Here I go with a list of cartoons that make learning math fun!

1.       NumberJacks: It has some live action too. My 5 year old daughter is very fond of it. It is a squad of 0-9 numbers who lives under a sofa and goes out to solve problems. The best one which helped my daughter to remember ‘which two numbers make ten’ is my favorite too. Do watch “Sphere today gone tomorrow”.

 2.      Team Umizoomi: It has Milli, Geo, Bot and Umicars who go around solving problems. They work on problems which involve preschool mathematical concepts like counting, sequences, shapes, patterns, measurements, and comparisons. The recommended age group is 3-7 years.

 3.      Peg+cat: Peg, a young girl along with her indigo cat, who is her best friend goes out to solve problems that have mathematical solutions. The episodes which I also enjoyed are: ‘The Three Bears Problem” and “ The Tree Problem”. It is a good watch for kids under 6.

 4.      Brain Pop: Tim and Moby talk of different concepts including a wide range of subjects – English, Science, Math, History, Art and Computing. In fact, Brain Pop is shown in many schools to assist learning and understanding of children. Their episodes on math are worth watching with your kids.

 5.      Blaze and the Monster Machines: AJ is an 8-year-old techie who drives a monster-truck Blaze. The two go on adventures that have them taking on problems involving science and math. It’s educational, delightful and fun to watch.

 6.      Cyber ChaseA bad man wants to control the world. Cyber kids spoil his attempts by solving math puzzles. 6-12 years will find it funny and interesting.

 This is not a comprehensive list. This is what all I have seen and could remember. It would be fun to add to the list here, do share what’s your favorite cartoon that can aid learning math.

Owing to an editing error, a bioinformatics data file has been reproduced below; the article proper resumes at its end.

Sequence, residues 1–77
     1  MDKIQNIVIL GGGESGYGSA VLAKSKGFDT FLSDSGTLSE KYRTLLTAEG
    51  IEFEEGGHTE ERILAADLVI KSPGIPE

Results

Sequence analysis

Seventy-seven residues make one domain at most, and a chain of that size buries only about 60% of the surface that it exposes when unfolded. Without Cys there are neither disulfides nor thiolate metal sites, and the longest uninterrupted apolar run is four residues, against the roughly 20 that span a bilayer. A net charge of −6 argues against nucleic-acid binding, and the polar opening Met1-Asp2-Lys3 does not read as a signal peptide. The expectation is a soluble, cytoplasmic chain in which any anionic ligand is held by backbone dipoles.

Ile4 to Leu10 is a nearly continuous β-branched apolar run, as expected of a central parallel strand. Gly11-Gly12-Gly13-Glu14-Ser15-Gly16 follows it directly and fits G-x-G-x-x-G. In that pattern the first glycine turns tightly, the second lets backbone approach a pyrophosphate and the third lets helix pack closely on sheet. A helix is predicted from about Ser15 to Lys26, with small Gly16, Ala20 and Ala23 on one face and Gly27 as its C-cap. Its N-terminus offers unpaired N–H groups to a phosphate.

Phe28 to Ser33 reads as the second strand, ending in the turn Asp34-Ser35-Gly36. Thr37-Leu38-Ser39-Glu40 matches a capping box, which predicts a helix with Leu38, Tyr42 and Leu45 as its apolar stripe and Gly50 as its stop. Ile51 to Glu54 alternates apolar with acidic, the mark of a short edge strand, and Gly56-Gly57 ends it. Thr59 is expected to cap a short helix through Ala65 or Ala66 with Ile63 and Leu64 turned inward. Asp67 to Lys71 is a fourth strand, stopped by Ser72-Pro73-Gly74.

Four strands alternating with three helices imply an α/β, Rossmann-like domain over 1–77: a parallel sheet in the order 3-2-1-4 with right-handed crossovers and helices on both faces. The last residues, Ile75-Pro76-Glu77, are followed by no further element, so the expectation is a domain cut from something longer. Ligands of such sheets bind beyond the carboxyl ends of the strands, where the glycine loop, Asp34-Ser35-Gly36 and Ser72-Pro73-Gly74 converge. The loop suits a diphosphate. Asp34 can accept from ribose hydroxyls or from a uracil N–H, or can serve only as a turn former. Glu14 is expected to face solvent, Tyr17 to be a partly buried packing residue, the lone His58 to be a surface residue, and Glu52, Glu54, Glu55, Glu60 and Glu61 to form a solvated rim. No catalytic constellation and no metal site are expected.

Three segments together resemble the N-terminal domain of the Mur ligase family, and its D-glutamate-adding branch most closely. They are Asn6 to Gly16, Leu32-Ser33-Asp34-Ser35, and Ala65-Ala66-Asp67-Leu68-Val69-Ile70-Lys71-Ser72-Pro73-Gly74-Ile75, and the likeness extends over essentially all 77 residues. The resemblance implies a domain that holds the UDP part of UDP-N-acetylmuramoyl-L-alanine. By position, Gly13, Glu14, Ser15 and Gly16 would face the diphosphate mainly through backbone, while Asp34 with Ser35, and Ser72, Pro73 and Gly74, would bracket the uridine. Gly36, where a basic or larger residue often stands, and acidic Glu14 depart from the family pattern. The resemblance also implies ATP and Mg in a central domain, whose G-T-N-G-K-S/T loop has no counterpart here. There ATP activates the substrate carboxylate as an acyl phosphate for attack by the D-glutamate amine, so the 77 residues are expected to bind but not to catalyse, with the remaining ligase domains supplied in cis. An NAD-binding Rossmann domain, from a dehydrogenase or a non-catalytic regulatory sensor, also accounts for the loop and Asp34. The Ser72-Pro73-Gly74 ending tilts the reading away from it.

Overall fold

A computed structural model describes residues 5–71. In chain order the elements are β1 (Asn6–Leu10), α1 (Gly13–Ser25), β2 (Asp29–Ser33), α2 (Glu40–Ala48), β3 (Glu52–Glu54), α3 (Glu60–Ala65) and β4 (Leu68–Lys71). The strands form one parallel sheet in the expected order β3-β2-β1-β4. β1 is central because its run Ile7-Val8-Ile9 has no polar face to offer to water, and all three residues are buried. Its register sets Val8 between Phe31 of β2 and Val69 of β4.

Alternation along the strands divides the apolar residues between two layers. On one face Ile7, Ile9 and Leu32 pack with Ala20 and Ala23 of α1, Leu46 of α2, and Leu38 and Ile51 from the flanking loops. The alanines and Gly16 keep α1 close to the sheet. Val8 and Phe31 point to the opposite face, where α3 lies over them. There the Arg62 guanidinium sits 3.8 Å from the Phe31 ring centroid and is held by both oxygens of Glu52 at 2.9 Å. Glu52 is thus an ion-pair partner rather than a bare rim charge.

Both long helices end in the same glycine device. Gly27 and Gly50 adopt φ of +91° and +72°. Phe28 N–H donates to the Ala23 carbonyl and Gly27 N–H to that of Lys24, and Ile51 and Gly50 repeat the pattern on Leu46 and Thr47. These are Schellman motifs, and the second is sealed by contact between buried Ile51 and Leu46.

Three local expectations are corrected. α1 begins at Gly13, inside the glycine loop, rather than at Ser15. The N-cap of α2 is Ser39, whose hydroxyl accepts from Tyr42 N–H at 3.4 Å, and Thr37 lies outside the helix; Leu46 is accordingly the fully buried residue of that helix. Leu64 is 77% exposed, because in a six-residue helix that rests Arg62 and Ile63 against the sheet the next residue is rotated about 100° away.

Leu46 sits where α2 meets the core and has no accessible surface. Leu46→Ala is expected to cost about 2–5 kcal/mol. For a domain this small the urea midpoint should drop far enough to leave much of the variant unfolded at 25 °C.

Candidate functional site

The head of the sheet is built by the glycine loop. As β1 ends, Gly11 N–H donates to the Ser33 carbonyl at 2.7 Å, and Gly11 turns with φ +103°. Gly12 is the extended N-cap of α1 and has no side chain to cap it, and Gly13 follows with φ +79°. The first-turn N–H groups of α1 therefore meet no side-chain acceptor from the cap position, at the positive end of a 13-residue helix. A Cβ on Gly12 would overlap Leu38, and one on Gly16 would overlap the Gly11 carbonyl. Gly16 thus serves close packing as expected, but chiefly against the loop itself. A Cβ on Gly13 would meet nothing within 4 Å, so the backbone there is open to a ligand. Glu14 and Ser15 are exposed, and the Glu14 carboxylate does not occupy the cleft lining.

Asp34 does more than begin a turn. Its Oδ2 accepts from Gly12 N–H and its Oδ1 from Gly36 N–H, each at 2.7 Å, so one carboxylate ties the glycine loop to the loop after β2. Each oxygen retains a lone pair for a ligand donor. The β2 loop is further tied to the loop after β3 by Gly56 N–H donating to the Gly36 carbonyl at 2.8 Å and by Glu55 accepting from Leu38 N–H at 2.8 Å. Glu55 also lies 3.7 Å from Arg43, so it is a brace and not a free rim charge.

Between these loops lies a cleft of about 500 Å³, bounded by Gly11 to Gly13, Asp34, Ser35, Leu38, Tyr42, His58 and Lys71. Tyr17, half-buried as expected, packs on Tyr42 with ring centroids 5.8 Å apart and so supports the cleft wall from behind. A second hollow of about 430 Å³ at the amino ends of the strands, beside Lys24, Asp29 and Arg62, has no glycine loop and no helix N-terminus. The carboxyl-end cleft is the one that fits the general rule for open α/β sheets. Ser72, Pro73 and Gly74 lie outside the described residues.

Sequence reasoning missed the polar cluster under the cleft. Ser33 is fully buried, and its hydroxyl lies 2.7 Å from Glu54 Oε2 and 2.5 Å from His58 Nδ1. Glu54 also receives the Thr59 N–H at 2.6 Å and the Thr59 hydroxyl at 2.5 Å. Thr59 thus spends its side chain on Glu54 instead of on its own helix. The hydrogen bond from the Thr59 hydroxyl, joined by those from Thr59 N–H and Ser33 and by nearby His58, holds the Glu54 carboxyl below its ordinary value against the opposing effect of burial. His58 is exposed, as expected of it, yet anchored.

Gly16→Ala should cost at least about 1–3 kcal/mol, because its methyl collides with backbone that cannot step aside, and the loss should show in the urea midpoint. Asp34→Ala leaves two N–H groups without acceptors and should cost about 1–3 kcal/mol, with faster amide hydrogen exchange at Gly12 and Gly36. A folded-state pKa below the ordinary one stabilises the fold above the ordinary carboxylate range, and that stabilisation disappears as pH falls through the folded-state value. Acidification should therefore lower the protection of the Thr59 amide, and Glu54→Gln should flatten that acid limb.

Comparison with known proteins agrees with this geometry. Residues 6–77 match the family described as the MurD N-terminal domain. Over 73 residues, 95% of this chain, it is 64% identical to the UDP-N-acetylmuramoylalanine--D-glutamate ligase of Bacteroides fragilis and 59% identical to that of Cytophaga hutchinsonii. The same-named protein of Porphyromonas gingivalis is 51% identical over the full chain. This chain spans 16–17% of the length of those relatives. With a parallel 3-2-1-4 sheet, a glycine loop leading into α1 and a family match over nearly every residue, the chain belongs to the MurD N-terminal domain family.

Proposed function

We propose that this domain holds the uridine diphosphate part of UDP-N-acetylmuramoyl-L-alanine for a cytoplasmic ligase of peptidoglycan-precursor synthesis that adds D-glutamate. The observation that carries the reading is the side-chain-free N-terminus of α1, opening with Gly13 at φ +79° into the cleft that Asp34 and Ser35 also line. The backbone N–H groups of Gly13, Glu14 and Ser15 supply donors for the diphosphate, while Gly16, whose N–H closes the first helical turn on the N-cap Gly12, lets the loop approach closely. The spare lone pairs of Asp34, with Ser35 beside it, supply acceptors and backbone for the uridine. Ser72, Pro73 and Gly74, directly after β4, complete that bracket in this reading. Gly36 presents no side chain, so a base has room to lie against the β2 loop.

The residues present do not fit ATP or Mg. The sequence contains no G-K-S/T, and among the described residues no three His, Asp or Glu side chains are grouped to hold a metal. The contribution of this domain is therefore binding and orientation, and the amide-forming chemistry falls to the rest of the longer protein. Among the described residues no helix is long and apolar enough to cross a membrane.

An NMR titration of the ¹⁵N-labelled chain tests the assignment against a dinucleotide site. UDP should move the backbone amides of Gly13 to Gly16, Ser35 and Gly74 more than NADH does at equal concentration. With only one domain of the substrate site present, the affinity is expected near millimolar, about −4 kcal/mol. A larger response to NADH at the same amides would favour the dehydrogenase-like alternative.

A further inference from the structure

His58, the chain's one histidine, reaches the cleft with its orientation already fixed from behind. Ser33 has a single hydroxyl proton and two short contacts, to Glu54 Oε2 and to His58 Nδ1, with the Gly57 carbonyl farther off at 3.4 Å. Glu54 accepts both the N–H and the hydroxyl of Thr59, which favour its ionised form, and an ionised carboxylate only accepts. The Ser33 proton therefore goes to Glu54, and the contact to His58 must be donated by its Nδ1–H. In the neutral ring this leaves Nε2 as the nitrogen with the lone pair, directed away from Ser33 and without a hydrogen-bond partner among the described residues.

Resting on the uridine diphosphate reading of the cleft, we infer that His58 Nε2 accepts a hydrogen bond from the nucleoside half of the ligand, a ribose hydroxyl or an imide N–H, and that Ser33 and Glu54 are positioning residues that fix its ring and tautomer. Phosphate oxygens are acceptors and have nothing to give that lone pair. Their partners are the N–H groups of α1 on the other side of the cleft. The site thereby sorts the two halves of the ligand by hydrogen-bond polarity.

Toony Mum’s Tip – Don’t forget to screen them before you watch them with your cubs! 😊


How I Finally Got Success In Limiting The Screen Time Of My Overindulgent Daughter?

Much to my chagrin, my husband bought an iPad for my daughter on her second birthday. As if the non-stop cartoon network wasn’t enough! I was then working in a 9 to 6 job and my daughter was taken care of by her grandparents – who, if you know Indian grandparents – were raining their mushy slushy love for their grandchild by allowing her to do things ‘her’ way. My weekends were usually spent on running errands. The end result was that my 2-year-old was becoming an expert in video games and a walking encyclopedia on cartoons.

I swear I’m not exaggerating. I’ve had several moments of uneasiness listening to her impeccable knowledge on cartoon genealogy when I wouldn’t even know my great grandfather’s name. My smiles at her gaming feats would diffuse into thin air when she would throw tantrums and make a terrible racket as soon as the TV was switched off or her iPad was taken away at the behest of providing some respite to the poor electronic soul. I was worried it was affecting her behavior. I was worried it would affect her eyes. And I just didn’t have the time to think of what to do.

Although everyone was worried in the family, including my husband – who for the record, was on the screen himself all the time. I could let him off for the sole excuse that his job and commitments and some ‘me’ time were the reasons it was difficult to unwire himself. So basically, he was not qualified for the job of luring his daughter to limit the screen time.